Panel: Army Hospital Woes Go Beyond Walter Reed
Conditions at the U.S. Army's Walter Reed Medical Center are symptomatic of wider problems at veterans' hospitals across the country. That was the conclusion of lawmakers at a House subcommittee hearing Monday at the Walter Reed facility in Washington, D.C.
Conditions at the hospitals have come under intense scrutiny after newspaper reports uncovered decrepit housing and ineffective outpatient care for hundreds of wounded Iraq and Afghan war veterans.
Among those testifying Monday was Staff Sgt. Daniel Shannon. On Nov. 13, 2004, Shannon was on patrol in the Iraqi town of Habaniya. Shots rang out near the central mosque. Shannon was hit by a bullet that took out his eye and left shards of metal in his brain. He was flown to Walter Reed Medical Center. Just five days after being shot in Iraq, officials at Walter Reed determined he could be discharged into the outpatient facility.
"Upon my discharge, hospital officials gave me a photocopied map of the installation and told me to go to the Mologne House, where I would live while an outpatient," Shannon testified. "I was extremely disoriented and wandered around while looking for someone to direct me to the Mologne House. Eventually, I found it."
During his testimony in front of the House Oversight Committee, Shannon sat straight in his crisp green uniform. He wore a black patch over his left eye. Every few minutes, he would pause, apparently having lost his train of thought. Out of frustration, Shannon would tap his head forcefully with his forefinger.
Shannon was emotional, his testimony the culmination of a two-year battle waged against the Army's medical bureaucracy for proper treatment.
Sitting next to Shannon was Annette McCleod, the wife of injured National Guardsman Wendell McCleod. She recalled how Army bureaucrats told her husband that he wouldn't be eligible for full disability. McCleod suffered brain damage as a result of an accident in Iraq. The Army claimed he had a prior learning disability.
"All I'm trying to do is have my life — the life that I had and that I know," Annette McCleod told lawmakers. "My life was ripped apart the day my husband was injured. But then, having lived through the mess that I lived through at Walter Reed has been worse than anything I ever sacrificed in my life."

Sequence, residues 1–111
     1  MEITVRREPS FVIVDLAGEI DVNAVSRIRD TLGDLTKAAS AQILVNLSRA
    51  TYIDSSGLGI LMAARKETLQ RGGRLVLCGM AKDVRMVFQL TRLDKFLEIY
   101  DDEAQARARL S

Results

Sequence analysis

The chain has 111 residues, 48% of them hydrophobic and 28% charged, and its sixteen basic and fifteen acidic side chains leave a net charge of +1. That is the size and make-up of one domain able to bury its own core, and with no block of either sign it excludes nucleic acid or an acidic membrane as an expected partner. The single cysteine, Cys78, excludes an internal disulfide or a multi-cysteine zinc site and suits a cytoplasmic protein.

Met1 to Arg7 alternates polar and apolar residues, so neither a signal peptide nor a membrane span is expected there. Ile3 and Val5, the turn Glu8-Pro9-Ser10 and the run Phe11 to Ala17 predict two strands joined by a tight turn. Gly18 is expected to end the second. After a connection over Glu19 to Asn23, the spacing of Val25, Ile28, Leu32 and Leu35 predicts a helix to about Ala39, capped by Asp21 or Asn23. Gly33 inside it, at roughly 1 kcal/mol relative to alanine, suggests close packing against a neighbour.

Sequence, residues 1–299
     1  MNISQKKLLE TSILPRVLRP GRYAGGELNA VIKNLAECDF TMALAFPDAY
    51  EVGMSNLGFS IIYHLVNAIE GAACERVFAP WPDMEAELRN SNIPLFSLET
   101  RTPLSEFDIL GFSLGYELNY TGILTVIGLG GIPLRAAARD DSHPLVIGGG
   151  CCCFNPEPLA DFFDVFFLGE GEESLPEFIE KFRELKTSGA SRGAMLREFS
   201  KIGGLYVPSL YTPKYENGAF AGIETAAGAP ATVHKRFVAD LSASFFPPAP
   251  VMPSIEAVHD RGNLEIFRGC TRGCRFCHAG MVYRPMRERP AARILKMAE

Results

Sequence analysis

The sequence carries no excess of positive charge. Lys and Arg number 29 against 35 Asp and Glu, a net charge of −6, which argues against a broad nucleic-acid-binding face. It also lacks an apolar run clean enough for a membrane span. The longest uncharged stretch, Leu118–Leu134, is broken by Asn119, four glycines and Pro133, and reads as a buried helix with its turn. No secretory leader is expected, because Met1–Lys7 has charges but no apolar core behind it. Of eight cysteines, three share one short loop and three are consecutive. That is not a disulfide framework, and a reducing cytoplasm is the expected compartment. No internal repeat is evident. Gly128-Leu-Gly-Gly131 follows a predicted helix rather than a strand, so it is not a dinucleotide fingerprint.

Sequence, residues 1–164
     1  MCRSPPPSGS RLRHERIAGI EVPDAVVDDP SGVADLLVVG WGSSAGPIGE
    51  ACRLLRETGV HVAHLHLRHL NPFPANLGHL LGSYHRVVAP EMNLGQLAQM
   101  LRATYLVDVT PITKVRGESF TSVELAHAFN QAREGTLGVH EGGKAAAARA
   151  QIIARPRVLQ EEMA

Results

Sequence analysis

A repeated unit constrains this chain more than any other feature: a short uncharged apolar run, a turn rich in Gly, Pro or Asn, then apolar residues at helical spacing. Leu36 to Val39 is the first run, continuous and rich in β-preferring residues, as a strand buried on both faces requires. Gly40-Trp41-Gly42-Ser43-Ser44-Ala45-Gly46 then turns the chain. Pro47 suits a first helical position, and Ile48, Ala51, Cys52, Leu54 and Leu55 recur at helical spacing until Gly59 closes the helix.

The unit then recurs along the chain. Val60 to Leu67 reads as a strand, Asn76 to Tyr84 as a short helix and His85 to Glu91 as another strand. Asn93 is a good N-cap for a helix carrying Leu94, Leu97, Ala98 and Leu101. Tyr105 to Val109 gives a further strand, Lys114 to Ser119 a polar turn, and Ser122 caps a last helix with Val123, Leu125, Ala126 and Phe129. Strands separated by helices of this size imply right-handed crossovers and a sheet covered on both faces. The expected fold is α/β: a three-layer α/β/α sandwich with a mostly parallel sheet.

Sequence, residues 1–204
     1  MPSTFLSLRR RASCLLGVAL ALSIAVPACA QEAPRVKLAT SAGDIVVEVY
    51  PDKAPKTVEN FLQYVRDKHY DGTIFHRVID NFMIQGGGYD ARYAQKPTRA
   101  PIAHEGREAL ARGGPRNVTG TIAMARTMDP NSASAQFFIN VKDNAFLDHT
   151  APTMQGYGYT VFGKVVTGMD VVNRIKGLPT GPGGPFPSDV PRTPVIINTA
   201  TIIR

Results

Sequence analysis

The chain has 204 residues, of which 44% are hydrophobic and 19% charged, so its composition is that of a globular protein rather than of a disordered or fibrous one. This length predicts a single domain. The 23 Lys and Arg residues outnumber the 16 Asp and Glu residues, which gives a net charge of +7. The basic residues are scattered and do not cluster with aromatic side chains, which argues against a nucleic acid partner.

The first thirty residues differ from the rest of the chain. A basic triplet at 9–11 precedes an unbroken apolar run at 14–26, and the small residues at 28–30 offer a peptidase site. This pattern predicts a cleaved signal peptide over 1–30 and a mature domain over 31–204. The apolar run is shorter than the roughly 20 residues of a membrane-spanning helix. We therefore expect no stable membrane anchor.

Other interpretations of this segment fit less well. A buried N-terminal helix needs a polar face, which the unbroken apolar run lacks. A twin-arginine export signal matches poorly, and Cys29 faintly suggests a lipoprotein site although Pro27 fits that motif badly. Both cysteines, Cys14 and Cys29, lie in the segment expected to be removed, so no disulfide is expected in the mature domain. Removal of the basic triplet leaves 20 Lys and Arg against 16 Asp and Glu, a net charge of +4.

McCleod testified that she had brought all her complaints far up the chain of command, and that they were simply ignored.
The former commander of Walter Reed, Maj. Gen. George Weightman — who was fired last week — apologized to the committee.
"Secretary of Defense Gates, all our Army leaders and you have called this a failure of leadership. I agree," Weightman said. "I was Walter Reed's commander, and from what we've seen, it is clear mistakes were made, and I was in charge. You can't fail one of these soldiers and their families – not one – and we did."
The hearing left both Democrats and Republicans on the committee shocked and angry.
Rep. Tom Davis (R-VA) denounced the VA system as "institutionally predisposed to treat wounded soldiers like inconveniences rather than heroes."
Committee Chairman Rep. John Tierney (D-MA) wondered whether the problems at Walter Reed were "just another horrific consequence of the terrible planning that went into the Iraq war."
"I also, unfortunately, feel that these problems go well beyond the walls of Walter Reed, and that they are problems systemic throughout the military health-care system," Tierney said.
Later this week, another House committee is expected to take up the Walter Reed issue, as well as perhaps two Senate committees. The Pentagon and the White House are conducting an investigation. In the meantime, the Army still has not lifted its restrictions barring soldiers at Walter Reed from speaking to the media.
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